A scene from “A Christmas Carol” filmed in Shrewsbury.
This is Fish Street, with the Bear Steps just off to the left.
So, in December the garden is mainly found in a great number of garden catalogues. The gardener herself hibernates under glass in a heated room, buried up to the neck,
not in compost, but in garden catalogues and books.
Gardener turned up not so much for work as to bring annual Christmas greetings, coming into the kitchen with clean boots, well-scraped on the mat, and ready for a cup of tea, a piece of cake and a long leisurely ramble over the past.
One of gardener’s pet grumbles is the ingratitude shown by kids. He had been telling us his favourite Halloween story, about how he’d given a ‘whole ruck of them’ sweets and bags of crisps, and how the ungrateful little blighters had opened the bags on their way to the garden gate and tipped them all out on the path. “They never got nothing from me any other year!” Gardener snorted in disgust.
“Christmas is just the same”, he continued."Who believes in Christmas today; people under forty. they don’t even bother to go to Church, do they.” (Gardener is not in the least religious)
“We were lucky if we got a present, a horange and a napple is what we got. The kids today’d chuck it back at you. Apple and orange is good for you, they tell you years ago. Fruits is good for you. Now kids don’t wanna eat it. If you had a banana they took the skin off you. I reckon if we all went to Church the world would be a lot better place. if everybody made a heffort to go to Church on a Sunday, dress up and go to Church, get to know all your locals and that, it would be a better place, like it did years ago. Like in Wales, see, they had Chapels, they used to dress up, all in their nines, go to chapel and they talk then, they’d get to talking, and they knew everybody in the village, all the scandal like."
"I can see my grandad now, with his trilby hat on and his suit on and his tie and all dressed up to the nines and his wife, granny, her ‘d have her big hat on as well, every Sunday, they’d walk about 2 1/2 miles to the Chapel. That’s the only time her take her pinny off, to go to Church Sunday morning, 11 o’clock like. get back for one o’clock for dinner and that. You’d put your meat in in the morning. and be back for one o’clock."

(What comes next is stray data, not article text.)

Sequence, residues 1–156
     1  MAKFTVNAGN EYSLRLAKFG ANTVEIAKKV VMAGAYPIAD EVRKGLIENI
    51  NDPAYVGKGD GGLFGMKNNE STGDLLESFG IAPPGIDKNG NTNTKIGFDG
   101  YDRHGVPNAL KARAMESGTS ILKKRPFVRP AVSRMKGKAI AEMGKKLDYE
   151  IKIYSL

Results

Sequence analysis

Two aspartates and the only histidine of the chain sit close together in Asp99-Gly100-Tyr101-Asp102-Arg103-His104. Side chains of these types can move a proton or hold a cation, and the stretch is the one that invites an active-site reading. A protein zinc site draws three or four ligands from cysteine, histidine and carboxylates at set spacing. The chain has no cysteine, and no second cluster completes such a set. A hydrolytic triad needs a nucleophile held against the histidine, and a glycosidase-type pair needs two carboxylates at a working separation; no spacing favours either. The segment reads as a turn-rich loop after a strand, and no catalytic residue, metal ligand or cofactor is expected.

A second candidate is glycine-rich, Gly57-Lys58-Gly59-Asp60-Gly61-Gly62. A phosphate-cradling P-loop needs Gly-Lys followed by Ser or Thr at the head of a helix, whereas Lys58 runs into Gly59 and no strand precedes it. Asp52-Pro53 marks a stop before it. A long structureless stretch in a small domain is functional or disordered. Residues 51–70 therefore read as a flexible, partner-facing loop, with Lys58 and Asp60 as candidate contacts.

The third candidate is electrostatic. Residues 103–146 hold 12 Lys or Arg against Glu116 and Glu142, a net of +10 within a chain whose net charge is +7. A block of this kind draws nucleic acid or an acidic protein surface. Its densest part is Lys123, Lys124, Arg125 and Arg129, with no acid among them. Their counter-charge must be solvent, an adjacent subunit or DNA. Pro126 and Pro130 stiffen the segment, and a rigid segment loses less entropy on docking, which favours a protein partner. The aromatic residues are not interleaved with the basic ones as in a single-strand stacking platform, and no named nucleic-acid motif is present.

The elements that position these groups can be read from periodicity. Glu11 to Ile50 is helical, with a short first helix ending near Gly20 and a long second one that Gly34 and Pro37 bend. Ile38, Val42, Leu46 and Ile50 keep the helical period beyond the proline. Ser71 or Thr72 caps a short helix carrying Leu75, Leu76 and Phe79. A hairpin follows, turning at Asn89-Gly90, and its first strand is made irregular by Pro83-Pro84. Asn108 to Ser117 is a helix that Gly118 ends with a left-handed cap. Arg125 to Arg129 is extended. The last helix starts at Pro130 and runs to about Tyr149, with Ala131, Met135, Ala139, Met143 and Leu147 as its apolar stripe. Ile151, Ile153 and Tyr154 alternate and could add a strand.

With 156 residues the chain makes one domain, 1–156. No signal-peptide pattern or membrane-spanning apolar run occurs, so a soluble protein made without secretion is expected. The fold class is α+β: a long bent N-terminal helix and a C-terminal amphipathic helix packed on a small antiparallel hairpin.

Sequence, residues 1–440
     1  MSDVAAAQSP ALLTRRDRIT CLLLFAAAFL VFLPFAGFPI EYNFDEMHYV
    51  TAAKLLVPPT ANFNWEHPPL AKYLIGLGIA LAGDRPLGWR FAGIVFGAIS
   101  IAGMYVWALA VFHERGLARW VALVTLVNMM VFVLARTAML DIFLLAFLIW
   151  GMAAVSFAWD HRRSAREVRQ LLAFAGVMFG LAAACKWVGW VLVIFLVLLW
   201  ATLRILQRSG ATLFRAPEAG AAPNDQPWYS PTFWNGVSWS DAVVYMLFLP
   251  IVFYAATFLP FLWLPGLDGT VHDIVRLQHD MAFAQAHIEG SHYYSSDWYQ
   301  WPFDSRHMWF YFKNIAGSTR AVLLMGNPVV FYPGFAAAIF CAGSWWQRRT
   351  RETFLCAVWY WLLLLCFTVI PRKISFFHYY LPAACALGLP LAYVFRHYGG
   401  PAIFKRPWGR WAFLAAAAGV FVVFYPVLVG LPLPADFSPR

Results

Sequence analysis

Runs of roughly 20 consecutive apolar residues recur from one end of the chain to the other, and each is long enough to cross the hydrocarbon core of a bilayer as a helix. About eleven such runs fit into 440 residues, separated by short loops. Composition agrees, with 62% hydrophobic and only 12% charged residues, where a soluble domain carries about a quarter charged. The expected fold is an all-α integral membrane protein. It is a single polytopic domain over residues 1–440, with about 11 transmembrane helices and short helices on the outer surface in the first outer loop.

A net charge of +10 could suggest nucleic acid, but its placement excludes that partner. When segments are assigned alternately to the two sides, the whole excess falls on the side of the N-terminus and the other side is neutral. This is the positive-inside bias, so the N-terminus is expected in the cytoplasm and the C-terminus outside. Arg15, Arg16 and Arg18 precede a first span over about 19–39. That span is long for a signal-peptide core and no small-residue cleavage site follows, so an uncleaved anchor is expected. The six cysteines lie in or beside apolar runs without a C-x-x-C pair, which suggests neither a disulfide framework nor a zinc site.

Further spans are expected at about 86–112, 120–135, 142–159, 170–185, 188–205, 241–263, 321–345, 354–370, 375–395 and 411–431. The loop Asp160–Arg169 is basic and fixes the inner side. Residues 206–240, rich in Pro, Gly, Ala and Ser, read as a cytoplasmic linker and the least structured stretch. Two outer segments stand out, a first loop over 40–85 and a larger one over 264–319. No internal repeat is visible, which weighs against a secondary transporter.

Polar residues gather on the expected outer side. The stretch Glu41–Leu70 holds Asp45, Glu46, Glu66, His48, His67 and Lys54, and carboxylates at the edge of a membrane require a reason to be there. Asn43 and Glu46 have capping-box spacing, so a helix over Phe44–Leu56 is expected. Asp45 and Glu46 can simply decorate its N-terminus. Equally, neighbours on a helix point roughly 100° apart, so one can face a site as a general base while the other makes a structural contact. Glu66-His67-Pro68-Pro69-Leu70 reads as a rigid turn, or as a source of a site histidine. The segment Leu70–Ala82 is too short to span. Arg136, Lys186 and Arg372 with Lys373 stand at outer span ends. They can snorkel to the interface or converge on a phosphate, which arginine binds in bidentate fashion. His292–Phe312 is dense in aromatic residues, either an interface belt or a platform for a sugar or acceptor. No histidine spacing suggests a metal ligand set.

"The Welsh are more religious than what we are, chapelwise. I used to go to Sunday school every Sunday from the age of 4 till I was 10 and-a-half. We left then, but up until then, every Sunday morning we was off to chapel, 2 miles away, we’d walk, all of us, we’d do drawing and all sorts, up at Ditton Priors. It’s still there, the little Chapel is. Then at Christmas, we’d have a big do, in the main big Church, and in the Village Hall, and they used to give us a little present each, more than we had of our parents like. It was a toy off the big christmas tree and they’d call your name out and you’d have to go to get your little parcel like, up under the tree."
"Mother’d give us a penny and you’d buy a penny stamp see and you’d put it in a book, off a Sunday, then you’d have your penny stamps all in there, I think mother got all the books, well I don’t know who’s got them now, but somebody’s got all the books, because we never cashed them in, so some lucky bugger’s got em or they’ve all been chucked away."
Part 2 to follow tomorrow.